Are you sure you want to buy this material for

25 Karma

Buy Material

BOOM! Enjoy Your Free Notes!

We've added these Notes to your profile, click here to view them now.


You're already Subscribed!

Looks like you've already subscribed to StudySoup, you won't need to purchase another subscription to get this material. To access this material simply click 'View Full Document'

Why people love StudySoup

Bentley McCaw University of Florida

"I was shooting for a perfect 4.0 GPA this semester. Having StudySoup as a study aid was critical to helping me achieve my goal...and I nailed it!"

Kyle Maynard Purdue

"When you're taking detailed notes and trying to help everyone else out in the class, it really helps you learn and understand the I made $280 on my first study guide!"

Bentley McCaw University of Florida

"I was shooting for a perfect 4.0 GPA this semester. Having StudySoup as a study aid was critical to helping me achieve my goal...and I nailed it!"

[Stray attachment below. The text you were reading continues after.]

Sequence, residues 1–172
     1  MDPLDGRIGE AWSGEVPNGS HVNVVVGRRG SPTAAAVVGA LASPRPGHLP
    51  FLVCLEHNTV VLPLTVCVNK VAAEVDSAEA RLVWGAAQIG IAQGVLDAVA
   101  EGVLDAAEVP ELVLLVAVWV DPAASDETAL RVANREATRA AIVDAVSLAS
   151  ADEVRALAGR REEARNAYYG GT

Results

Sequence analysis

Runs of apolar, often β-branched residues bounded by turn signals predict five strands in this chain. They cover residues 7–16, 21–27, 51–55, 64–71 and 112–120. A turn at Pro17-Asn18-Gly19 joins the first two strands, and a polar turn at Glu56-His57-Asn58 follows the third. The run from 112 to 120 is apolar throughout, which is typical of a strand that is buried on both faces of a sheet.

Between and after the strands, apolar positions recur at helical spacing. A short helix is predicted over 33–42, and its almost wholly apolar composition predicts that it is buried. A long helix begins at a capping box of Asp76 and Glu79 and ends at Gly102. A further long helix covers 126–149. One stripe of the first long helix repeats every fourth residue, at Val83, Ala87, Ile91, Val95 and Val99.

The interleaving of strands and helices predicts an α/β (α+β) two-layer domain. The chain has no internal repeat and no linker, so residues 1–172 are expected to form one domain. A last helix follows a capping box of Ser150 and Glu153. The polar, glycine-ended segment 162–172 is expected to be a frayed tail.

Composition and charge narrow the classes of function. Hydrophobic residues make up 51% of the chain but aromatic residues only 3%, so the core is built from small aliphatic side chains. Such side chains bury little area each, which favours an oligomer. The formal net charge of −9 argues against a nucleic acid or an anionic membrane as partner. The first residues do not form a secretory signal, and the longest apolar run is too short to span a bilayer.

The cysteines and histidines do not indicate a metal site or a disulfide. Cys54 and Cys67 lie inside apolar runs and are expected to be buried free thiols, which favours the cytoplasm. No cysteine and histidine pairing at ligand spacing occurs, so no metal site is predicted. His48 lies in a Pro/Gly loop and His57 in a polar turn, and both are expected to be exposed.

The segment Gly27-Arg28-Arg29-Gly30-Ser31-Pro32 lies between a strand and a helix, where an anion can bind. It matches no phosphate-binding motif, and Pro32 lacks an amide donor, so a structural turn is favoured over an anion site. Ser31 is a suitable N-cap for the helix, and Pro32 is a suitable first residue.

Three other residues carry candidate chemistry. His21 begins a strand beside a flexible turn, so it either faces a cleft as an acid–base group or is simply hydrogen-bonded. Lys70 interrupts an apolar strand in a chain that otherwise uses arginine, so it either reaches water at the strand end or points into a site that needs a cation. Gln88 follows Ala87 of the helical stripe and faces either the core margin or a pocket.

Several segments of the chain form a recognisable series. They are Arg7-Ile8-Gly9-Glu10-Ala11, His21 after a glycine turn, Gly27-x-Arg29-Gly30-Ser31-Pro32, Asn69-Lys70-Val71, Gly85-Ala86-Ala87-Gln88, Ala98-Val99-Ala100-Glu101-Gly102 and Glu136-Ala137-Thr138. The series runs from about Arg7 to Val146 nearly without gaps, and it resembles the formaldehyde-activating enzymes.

Parker Thompson 500 Startups

"It's a great way for students to improve their educational experience and it seemed like a product that everybody wants, so all the people participating are winning."

Become an Elite Notetaker and start selling your notes online!

Refund Policy


All subscriptions to StudySoup are paid in full at the time of subscribing. To change your credit card information or to cancel your subscription, go to "Edit Settings". All credit card information will be available there. If you should decide to cancel your subscription, it will continue to be valid until the next payment period, as all payments for the current period were made in advance. For special circumstances, please email


StudySoup has more than 1 million course-specific study resources to help students study smarter. If you’re having trouble finding what you’re looking for, our customer support team can help you find what you need! Feel free to contact them here:

Recurring Subscriptions: If you have canceled your recurring subscription on the day of renewal and have not downloaded any documents, you may request a refund by submitting an email to

Satisfaction Guarantee: If you’re not satisfied with your subscription, you can contact us for further help. Contact must be made within 3 business days of your subscription purchase and your refund request will be subject for review.

Please Note: Refunds can never be provided more than 30 days after the initial purchase date regardless of your activity on the site.